A lot of time is also spent on literature and the life of a writer. In the moments when mass production and critique was the focus of Orlando’s life, I had the feeling that I was reading an inside joke between Woolf and the writers of her time. I got the jest, but I’m hoping through further reading I can gain a deeper understanding of Woolf views on the subject.

Woolf covers all this as well as wealth and privilege, society, individuality, and, of course, love.

But the real interesting bit about this book is the dedication. Orlando has been called “the longest love letter in literature.” The character of Orlando was inspired by Woolf’s close friend and lover, the writer Vita Sackville-West. At the time of its writing, their affair was waning. Vita, the more adventurous and fickle of the two was moving on to other lovers.

In fact, many of the other characters were also pulled from real life as well, and I imagine I will be reading about Woolf’s personal history for a long while to come.

The style was a shock, at first. From the very beginning, it reads like an old fairytale. The language is flowery, complicated and hard to follow, at first. After a few chapters, it becomes beautiful and poetic, interesting and lively. There is a lot of description and not much dialogue, and sudden jumps through time, which can be hard on the brain too, but I promise it is well worth the effort to stick with it. I have never read anything quite like this.

I am afraid my little review here has done the book very little justice, and you’ll just have to read it for yourself to understand how amazing this story is. As for me, I am firmly a Virginia Woolf fan from here on out and have already picked up a copy of Mrs. Dalloway to read next.

“The flower bloomed and faded. The sun rose and sank. The lover loved and went. And what the poets said in rhyme, the young translated into practice.”

― Virginia Woolf, Orlando: A Biography

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Check out Vita Sackville-West on the necessity of writing and Virginia Woolf on space to spread the mind out in.

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Short and Sweet Reviews // The Handmaid’s Tale by Margaret Atwood

“Nolite te bastardes carborundorum.”

In The The Handmaid’s Tale Margaret Atwood tells the story of a woman named Offred living in what was once America but, after the United States government is overthrown, is now called the Republic of Gilead, and governed by a system based on 17th-century Puritan roots.

Offerd—meaning, literally, “of Fred,” or belonging to Fred—is a Handmaid, a fertile woman who must act as a surrogate for the wealthy and privileged men who’s wives can no longer bear children. Offred still remembers the old world, when women had freedom and choices, and despite the danger of forced labor, or death, or both, she can’t let go.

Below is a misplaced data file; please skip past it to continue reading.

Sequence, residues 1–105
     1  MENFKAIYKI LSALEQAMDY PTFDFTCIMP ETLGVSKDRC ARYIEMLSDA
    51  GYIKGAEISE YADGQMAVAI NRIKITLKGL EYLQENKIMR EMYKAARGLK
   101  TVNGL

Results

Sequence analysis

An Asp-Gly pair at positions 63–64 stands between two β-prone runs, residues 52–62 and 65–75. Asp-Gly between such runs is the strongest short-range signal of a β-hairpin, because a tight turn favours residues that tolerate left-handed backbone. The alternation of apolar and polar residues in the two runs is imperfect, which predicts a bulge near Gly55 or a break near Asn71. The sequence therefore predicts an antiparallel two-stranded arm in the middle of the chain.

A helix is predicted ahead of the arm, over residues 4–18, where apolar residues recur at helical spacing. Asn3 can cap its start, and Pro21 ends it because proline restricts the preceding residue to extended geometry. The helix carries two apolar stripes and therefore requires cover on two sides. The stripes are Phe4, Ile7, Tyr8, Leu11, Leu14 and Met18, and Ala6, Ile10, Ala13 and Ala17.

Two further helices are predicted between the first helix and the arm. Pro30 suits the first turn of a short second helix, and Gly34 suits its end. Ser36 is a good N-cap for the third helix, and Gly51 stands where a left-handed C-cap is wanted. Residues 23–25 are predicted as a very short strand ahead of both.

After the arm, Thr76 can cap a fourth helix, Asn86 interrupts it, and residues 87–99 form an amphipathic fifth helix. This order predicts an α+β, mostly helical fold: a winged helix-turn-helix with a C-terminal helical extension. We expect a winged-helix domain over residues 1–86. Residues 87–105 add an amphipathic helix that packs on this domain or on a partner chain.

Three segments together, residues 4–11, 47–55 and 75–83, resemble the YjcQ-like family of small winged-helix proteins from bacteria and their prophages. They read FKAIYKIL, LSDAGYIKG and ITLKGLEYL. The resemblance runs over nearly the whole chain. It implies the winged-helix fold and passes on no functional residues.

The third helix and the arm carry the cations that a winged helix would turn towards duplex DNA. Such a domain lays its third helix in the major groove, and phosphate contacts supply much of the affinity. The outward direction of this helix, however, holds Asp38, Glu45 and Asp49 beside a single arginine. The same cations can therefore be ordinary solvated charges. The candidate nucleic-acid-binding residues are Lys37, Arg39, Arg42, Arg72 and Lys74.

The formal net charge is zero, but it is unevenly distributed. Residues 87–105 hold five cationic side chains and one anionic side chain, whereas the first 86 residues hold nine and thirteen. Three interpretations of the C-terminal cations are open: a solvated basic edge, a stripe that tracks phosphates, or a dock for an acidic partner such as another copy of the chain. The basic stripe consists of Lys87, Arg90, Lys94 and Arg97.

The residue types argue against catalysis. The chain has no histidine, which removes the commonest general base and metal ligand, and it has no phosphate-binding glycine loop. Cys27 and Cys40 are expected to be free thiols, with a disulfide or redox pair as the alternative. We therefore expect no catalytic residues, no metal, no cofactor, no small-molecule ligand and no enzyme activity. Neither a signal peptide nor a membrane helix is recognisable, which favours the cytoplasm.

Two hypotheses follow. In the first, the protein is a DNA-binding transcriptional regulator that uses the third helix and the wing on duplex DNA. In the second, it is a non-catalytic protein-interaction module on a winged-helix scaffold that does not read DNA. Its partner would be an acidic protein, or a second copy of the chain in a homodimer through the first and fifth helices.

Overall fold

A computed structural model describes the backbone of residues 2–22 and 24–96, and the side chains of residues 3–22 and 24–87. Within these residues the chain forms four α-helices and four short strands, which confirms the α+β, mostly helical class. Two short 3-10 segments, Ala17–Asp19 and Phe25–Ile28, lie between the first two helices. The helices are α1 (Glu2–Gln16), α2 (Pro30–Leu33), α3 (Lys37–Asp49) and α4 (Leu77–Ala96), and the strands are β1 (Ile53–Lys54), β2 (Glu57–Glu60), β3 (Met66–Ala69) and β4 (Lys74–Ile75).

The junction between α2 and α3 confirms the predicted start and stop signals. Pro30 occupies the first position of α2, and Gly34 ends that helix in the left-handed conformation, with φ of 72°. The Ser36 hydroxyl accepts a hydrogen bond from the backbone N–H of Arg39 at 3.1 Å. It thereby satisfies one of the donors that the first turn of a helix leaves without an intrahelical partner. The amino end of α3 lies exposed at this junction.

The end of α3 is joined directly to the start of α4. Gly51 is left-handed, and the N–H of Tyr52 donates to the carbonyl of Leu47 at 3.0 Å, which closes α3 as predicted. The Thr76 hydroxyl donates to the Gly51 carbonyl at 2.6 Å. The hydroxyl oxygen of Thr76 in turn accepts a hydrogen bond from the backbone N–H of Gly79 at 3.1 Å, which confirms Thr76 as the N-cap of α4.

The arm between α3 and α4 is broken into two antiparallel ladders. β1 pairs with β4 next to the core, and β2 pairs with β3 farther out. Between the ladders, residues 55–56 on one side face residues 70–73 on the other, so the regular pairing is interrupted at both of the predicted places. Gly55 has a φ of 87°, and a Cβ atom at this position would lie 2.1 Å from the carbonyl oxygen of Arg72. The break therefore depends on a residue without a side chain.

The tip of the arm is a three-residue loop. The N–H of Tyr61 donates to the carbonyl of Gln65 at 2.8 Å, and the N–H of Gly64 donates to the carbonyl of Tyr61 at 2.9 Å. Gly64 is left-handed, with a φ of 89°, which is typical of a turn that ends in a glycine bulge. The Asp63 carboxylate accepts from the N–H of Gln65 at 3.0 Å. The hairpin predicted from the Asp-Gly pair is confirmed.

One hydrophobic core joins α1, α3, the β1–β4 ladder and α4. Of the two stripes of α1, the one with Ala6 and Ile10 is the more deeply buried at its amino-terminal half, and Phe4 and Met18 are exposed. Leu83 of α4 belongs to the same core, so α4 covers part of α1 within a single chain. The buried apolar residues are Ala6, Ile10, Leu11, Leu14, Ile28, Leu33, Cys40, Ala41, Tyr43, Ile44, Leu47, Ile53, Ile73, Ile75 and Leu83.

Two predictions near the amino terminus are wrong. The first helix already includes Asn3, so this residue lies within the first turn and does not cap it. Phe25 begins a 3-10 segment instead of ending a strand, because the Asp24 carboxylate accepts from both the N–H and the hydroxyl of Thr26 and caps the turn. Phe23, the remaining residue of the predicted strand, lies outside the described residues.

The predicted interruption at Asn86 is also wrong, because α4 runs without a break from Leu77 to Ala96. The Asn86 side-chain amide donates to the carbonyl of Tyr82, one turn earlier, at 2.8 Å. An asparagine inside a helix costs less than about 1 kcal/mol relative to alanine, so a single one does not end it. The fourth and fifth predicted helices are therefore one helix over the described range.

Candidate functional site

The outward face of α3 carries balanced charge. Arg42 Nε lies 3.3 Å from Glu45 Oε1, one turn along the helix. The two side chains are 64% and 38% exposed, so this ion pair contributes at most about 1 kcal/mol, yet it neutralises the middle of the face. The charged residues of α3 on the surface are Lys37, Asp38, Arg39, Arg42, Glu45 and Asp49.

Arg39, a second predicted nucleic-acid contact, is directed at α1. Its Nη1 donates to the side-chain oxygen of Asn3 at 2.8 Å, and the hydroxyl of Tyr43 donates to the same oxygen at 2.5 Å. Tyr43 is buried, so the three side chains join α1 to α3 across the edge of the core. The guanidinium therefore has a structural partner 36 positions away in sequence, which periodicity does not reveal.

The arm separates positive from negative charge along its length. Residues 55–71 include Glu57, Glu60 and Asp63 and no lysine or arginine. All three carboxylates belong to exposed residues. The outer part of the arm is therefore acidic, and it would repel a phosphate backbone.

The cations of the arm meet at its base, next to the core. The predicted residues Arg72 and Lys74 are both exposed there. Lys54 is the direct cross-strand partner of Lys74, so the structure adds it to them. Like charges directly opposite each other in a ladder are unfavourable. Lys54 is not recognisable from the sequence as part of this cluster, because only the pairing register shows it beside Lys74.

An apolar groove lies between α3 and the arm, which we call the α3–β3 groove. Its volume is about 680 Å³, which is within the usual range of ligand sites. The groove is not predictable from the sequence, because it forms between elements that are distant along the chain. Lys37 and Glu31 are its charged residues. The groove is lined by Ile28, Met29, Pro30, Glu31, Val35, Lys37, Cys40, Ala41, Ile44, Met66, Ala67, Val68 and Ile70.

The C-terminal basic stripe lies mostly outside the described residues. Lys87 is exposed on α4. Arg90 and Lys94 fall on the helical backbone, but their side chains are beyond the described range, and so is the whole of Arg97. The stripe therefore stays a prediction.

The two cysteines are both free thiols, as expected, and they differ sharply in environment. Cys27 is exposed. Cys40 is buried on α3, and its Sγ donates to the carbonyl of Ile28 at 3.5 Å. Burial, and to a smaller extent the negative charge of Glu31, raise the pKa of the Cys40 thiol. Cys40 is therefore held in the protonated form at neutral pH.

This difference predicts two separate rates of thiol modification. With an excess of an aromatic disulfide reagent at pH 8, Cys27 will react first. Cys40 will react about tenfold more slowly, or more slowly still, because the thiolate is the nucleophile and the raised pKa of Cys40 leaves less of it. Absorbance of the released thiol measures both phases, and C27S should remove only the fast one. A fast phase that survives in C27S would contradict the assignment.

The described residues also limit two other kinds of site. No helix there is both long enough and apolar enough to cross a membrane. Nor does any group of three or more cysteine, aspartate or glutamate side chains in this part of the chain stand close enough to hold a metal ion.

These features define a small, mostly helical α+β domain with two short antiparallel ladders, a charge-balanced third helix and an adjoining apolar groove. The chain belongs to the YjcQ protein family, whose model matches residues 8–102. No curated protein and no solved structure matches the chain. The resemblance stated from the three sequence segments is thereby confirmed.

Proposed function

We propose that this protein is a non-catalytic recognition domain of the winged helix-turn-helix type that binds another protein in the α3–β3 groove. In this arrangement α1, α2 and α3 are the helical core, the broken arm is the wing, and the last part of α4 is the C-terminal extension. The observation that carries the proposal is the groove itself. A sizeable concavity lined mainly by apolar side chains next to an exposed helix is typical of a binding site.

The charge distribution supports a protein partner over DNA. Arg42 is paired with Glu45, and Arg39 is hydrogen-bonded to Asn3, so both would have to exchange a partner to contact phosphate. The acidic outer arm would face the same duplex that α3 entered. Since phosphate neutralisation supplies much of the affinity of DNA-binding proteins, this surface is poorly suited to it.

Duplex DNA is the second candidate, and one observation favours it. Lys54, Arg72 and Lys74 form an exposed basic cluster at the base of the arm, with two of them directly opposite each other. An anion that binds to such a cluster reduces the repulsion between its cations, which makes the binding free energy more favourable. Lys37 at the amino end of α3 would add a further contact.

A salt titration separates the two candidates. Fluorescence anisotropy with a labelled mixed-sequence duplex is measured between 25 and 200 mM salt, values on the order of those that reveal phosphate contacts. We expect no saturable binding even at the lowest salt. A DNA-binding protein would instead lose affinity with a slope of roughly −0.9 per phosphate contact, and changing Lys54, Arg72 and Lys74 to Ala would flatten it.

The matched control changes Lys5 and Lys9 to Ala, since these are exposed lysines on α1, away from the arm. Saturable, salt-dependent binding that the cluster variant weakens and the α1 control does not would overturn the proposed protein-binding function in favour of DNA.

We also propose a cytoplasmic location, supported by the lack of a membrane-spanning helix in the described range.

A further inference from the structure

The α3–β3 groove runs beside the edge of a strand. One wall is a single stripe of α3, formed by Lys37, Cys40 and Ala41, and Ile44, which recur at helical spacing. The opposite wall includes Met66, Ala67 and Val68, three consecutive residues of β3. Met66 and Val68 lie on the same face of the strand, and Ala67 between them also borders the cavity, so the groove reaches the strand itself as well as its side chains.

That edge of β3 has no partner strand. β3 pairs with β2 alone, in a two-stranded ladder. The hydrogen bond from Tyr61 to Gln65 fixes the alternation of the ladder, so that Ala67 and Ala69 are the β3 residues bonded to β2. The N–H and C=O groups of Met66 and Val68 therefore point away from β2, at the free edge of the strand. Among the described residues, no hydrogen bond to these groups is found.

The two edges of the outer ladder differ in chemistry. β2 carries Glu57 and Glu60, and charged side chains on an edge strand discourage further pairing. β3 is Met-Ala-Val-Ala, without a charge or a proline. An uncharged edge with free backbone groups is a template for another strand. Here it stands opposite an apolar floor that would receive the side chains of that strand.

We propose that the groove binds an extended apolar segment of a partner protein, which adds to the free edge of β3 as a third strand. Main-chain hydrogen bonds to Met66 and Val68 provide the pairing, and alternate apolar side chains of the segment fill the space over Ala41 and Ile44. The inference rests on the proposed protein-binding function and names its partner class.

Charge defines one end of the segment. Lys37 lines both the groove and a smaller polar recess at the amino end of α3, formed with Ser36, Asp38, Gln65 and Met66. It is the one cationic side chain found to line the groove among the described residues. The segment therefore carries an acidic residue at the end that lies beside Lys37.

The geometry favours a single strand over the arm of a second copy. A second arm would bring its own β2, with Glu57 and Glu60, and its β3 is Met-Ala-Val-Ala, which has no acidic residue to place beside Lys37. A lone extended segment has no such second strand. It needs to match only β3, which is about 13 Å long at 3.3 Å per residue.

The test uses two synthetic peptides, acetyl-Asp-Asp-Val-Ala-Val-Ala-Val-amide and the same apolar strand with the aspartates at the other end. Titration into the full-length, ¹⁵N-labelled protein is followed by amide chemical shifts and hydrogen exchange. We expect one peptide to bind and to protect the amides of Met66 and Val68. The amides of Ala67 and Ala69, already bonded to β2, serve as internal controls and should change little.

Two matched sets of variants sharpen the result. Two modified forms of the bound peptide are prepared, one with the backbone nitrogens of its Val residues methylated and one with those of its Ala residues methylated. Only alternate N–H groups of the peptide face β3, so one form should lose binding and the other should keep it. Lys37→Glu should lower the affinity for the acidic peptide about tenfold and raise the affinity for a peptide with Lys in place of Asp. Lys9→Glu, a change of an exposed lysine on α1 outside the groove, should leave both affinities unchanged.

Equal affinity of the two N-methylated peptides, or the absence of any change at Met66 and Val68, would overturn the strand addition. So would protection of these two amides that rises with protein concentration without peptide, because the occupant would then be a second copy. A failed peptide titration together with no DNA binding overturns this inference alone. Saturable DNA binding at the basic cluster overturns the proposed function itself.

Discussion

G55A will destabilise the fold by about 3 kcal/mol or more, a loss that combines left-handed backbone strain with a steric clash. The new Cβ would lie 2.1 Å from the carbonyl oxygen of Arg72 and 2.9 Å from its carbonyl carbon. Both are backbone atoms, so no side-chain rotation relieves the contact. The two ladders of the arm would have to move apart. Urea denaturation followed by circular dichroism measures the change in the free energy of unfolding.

Originally written in 1985, this book has been recently rediscovered by the public due to Trump’s election, the rise of the conservative right all over the world, and Hulu’s adaptation premiering this week.

I for one didn’t find a lot of parallels to our time and our current political climate except in the way it was allowed to happen, in the easy silence and acceptance. We are often silent and accepting, and that makes us easy to control long past when our energy and outrage flare and burn out.

“We thought we had such problems. How were we to know we were happy?”

Still, some of it felt very plausible. The way women will become complicit in the oppression of other women, hoping the same won’t happen to them. The way women will participate in the oppression of other women to ensure the same won’t happen to them, only for the same to happen to us all in some way or another eventually. The way that women are given only hard choices, but still will hold all the blame for what they must do and with whom. The way men will betray and pacify you and never truly see that women are just like them with the same needs for freedom and fulfillment.

What felt relevant will be different for every reader, but I believe everyone who reads it will find something of this tale in our present times and in our deepest fears. For me, the book was terrifying because, as a queer woman of color, I’ve spent much of my life terrified of a rising up of the religious right. I do not think I would have the same privileged place in Gilead but instead, would lose my life or be sent to labor camps.

Hush, he said. … You know I’ll always take care of you. I thought, already he’s starting to patronize me. Then I thought, already you’re starting to get paranoid.